Paramount's Supernatural Plan for Low-Budget Films

Illustration for article titled Paramounts Supernatural Plan for Low-Budget Films

After the success of Paranormal Activity, Paramount Studios plans to launch a division specifically for $100,000-or-less movie projects. Unfortunately, rather than getting innovative horror films to theaters, the movie house will use the department as an expensive focus group.


The Los Angeles Times reports that starting in 2010 Paramount, which hasn't officially announced their plans, will use $2 million of its current budget to finance 20 "micro-budget" films a year. Sounds great, right? Well, almost.

There are a few hiccups in Paramount's plan. The studio won't spend any of its allocated money on completed films shown at festivals or markets. Rather they'll buy scripts from screenwriters and create these low-budget flicks in-house. We can only hope they'll still spend cash from other departments to buy festival finds — Paranormal Activity, after all, was a film shown at several festivals before it was picked up by Paramount.


The other drag: Whatever films Paramount does make, may not actually make it to audiences. Instead, they'll act as pilots for new filmmakers who can gauge interest before then remaking the film with a bigger budget. Um, isn't the brilliance of low-budget horrors like Paranormal Activity and The Blair Witch Project that without the budget for expensive special effects, their screenwriters and directors were forced to come up with creative ways to convince their audiences that something horrifying was happening in front of their eyes?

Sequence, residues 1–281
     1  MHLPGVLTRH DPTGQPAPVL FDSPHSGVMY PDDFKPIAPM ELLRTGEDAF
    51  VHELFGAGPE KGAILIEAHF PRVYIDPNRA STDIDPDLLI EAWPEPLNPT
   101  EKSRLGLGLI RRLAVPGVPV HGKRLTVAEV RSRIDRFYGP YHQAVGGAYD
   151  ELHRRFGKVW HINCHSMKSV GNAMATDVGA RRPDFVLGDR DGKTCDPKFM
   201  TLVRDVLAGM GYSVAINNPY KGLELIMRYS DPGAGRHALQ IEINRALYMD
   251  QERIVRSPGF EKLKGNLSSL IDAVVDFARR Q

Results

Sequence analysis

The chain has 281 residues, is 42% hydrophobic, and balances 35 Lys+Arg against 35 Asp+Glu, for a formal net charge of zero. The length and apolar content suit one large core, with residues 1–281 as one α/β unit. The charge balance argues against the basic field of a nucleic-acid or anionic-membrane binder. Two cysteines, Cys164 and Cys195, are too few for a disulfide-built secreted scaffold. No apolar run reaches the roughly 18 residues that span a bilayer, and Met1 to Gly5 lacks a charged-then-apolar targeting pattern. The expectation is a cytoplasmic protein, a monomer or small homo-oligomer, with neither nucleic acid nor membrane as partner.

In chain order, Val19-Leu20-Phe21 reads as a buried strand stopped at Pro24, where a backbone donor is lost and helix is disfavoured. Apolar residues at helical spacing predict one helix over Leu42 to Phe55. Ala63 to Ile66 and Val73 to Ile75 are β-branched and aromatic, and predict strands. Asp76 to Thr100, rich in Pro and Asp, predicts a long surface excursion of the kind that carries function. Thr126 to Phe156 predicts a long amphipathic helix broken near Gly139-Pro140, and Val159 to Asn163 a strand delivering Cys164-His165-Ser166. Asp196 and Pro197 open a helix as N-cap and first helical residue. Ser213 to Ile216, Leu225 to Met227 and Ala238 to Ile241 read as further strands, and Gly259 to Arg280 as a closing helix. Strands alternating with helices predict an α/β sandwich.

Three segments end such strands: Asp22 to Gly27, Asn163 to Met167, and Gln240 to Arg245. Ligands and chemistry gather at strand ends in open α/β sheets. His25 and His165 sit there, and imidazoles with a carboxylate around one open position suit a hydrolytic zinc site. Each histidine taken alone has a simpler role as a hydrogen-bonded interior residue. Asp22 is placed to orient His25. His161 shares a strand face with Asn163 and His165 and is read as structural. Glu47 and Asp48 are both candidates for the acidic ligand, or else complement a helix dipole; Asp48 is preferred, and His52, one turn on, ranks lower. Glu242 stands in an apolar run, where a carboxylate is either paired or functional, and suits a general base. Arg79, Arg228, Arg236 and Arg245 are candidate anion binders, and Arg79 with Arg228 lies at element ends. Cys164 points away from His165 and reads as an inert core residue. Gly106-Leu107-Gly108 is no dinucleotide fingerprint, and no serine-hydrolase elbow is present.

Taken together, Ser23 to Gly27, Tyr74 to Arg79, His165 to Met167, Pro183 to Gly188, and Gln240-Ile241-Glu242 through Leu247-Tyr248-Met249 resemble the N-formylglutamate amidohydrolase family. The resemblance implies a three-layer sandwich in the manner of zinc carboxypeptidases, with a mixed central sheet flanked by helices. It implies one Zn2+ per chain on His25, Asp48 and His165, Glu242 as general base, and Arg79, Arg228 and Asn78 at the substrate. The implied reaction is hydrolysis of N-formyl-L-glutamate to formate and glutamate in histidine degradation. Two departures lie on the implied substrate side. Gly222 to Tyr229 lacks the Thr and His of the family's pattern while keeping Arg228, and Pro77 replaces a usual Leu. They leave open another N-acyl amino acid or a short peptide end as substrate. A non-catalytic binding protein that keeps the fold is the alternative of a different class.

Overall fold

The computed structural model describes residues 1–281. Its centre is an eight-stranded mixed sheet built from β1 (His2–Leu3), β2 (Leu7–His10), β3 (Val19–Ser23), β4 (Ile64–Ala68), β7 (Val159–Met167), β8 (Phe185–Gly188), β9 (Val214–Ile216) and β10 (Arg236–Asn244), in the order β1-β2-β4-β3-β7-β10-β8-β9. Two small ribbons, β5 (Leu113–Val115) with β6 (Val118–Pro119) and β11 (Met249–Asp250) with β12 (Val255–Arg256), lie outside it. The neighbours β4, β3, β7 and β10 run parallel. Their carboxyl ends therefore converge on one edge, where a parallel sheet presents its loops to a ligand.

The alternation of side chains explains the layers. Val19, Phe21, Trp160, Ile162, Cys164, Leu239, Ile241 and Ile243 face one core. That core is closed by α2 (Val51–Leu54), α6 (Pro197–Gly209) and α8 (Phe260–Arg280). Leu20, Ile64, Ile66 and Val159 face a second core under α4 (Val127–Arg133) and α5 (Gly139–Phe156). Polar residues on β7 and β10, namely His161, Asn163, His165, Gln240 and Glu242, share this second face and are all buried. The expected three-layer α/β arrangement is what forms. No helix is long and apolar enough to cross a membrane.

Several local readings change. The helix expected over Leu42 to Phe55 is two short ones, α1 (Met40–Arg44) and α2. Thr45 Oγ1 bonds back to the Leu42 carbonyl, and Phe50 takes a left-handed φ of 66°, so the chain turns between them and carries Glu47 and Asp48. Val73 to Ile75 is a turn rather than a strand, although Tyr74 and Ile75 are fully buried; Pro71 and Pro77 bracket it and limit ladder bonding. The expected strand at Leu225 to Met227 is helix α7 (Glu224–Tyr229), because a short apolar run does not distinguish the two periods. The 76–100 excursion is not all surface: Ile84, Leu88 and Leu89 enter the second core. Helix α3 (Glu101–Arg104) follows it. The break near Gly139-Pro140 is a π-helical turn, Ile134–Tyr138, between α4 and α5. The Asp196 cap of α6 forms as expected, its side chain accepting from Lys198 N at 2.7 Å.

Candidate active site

Movies that do make the cut, and don't require a larger budget revision, will be digitally uploaded to a limited number of theaters. "Some of the micro-budgeted movies could be released in just a handful of midnight screenings to gauge audience interest before a wider (and costlier) national release," the LA Times writes.

Here's an idea. Ditch the theater screening and team up with Netflix or iTunes to release your films there. If you get a significant number of streams, then release it in theaters. Heck, do this with all the films completed under the division. Your pilots can be seen by the largest and most diverse focus group there is, the world wide web. The future of film is all about crowd-sourcing.

Paramount to launch micro-budget movie division [Los Angeles Times]


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Business plan: Let's make 20 small films for 2 million, not provide any means for them to pay for themselves by earning a small amount of money, use a focus group to determine whether or not it's worth it to gamble on releasing one -maybe two - of them in the hope that this already-long-shot piece will pay for all the others.

Instead, lets give 2 million to half-witted budget wonks to write a half-assed business strategy. Same result.